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Are you trapped? How to Spot Coercive Control and Break Free

If you are concerned that you need to hide your history of reading this article, on your device, Women's Aid have provided advice here on how to cover your tracks.

Coercive control is a form of domestic abuse that involves a pattern of behaviors aimed at exerting power and control over a partner. It is insidious and often goes unnoticed, leaving victims feeling trapped and isolated.

How do I know if this is me?

Here's a self-assessment questionnaire to help you identify if you might be experiencing coercive control in your life.

Spend time on each question, as we can be well versed in not seeing reality and these questions are about how we can feel, deep down - day to day, when coercive control is in our lives:

  1. Are you often made to feel guilty or ashamed by your partner?

  2. Does your partner control or limit your contact with family and friends?

  3. Do you feel like you're walking on eggshells around your partner?

  4. Are you afraid to express your opinions or feelings to your partner?

  5. Does your partner constantly criticize you or put you down?

  6. Does your partner use threats, intimidation, or physical force to get their way?

  7. Does your partner control your finances, or limit your access to money?

  8. Does your partner monitor your phone, internet use, or whereabouts?

  9. Do you feel like your partner is always watching and judging you?

  10. Do you often feel confused or uncertain about what is happening in your relationship?

If you answered "yes" to one or more of these questions, you may be experiencing coercive control in your relationship.

So, let's add more education in - as answering 'yes' can be a confusing reality for people, when they perhaps didn't realise before.

What behaviours to look for in controlling partners.

In the assessment above, we focused on your feelings and the experiences of your partner - as these can be simple to think about. But, what behaviours might a coercive controlling partner be using against you - to create these experiences? Here are some examples:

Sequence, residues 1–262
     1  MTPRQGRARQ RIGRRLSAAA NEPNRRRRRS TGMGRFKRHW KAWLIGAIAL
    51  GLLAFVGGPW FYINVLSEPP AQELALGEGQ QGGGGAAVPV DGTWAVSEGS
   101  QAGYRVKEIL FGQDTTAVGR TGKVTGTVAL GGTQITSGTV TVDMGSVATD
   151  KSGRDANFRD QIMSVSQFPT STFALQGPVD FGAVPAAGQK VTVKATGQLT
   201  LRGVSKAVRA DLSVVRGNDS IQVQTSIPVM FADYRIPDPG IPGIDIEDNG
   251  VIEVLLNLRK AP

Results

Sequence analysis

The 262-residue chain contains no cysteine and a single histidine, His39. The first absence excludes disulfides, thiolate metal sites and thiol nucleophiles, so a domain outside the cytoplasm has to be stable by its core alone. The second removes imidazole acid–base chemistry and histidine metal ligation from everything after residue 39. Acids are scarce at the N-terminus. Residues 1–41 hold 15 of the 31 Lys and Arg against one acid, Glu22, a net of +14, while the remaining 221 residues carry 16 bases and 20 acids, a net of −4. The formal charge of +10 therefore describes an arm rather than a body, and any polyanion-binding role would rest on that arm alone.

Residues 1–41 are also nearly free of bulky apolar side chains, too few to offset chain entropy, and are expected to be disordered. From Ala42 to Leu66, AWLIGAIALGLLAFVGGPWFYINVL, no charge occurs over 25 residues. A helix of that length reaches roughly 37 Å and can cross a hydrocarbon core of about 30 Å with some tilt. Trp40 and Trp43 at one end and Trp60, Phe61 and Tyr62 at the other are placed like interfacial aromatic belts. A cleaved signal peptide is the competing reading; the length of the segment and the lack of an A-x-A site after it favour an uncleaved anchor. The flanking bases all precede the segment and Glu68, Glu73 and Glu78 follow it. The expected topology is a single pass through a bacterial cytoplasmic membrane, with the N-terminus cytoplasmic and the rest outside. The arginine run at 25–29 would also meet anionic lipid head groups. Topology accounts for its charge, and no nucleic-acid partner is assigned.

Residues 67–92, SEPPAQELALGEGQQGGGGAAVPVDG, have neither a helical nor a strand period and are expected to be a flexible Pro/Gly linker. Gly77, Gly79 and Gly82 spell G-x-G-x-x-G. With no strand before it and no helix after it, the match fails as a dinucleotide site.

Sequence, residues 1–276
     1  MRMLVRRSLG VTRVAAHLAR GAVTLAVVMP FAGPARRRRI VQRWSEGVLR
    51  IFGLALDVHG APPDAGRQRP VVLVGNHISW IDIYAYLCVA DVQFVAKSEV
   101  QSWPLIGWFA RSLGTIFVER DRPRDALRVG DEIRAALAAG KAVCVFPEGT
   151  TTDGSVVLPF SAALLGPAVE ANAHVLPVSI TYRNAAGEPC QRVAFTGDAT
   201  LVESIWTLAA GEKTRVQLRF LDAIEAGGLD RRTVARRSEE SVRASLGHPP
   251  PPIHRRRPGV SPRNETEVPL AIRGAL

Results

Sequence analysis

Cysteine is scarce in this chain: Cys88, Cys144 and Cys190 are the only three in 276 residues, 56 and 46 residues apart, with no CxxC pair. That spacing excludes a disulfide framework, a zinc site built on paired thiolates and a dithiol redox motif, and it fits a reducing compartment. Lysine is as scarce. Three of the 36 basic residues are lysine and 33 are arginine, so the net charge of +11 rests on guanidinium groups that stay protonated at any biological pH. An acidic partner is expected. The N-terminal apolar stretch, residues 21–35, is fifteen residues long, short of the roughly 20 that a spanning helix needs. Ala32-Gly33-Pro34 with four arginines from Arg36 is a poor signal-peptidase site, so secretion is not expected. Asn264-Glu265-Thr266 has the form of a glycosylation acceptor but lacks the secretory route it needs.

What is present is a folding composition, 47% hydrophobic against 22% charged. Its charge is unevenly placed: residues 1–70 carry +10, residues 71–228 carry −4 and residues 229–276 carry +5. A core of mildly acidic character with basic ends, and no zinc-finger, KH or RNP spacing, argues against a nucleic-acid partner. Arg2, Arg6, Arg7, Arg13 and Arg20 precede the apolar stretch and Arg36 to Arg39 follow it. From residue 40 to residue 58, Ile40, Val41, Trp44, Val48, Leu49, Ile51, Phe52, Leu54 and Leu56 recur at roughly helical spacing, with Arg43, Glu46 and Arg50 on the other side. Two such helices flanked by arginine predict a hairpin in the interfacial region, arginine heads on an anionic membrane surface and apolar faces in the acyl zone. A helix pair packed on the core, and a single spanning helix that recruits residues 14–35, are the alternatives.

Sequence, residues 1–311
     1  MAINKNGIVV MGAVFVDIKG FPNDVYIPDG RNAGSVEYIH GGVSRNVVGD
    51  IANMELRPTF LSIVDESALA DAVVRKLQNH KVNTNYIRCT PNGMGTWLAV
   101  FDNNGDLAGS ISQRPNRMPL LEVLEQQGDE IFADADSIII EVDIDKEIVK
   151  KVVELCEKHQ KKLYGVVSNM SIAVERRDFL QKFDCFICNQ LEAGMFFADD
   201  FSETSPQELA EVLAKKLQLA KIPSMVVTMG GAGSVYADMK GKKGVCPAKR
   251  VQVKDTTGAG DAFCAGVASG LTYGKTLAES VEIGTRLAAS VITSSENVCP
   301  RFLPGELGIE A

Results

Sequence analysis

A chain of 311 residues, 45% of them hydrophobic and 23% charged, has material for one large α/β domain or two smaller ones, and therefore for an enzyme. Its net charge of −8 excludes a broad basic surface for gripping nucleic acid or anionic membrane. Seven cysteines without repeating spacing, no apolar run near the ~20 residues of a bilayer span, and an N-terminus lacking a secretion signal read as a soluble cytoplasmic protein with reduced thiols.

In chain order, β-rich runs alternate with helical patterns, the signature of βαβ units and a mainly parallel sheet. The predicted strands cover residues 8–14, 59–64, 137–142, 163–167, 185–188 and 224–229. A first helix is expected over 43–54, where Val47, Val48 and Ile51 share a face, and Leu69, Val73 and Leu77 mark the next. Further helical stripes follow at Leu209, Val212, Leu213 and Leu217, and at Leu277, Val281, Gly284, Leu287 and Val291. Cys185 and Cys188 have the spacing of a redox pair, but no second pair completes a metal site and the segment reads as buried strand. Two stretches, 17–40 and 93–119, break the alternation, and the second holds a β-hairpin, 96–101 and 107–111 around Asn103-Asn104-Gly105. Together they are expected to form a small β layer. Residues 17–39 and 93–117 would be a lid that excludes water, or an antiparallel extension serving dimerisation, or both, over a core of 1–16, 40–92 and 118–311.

1. Isolation - One of the key tactics of coercive control is to isolate the victim from friends and family. If your partner is limiting your contact with loved ones or discouraging you from pursuing your interests, it may be a sign of coercive control.

  2. Intimidation - Coercive control often involves threats, intimidation, and other forms of psychological manipulation. Your partner may use their size or strength to intimidate you, make you feel small or vulnerable, or even threaten to harm you or others.

  3. Monitoring - A controlling partner may constantly monitor your activities, including your phone and internet use. They may demand access to your passwords, track your location, or insist on knowing your every move.

  4. Gaslighting - Gaslighting is a form of psychological abuse that involves making the victim doubt their own memory, perception, or sanity. If your partner constantly denies or trivialises your experiences, feelings, or concerns, it may be a sign of gaslighting (this is a big theme on its own, so we wrote more about it here).

  5. Financial Control - Coercive control often involves controlling the victim's finances. Your partner may prevent you from working, limit your access to money, or force you to account for every penny you spend.

If any of these are resonating with you, it is important to get help to understand your needs. We often can't make sense of it alone, as the very experience is confusing and often strips us of a sense of choice and clarity about what we need.

I think this is me now (or was me in the past) what do I do?

It is important to seek help and support if you are in this situation. Contact a trusted friend, family member, or professional (see our signposting page) for assistance, and remember that you deserve to be treated with respect and dignity.

Try to realise that you are not alone, this form of abuse is unfortunately quite common and there are ways to escape and to recovery.

We've written more here on how to approach healing after these experiences, remembering that escape and safety come first!

More to read on this here:

Both organisations also providing support.


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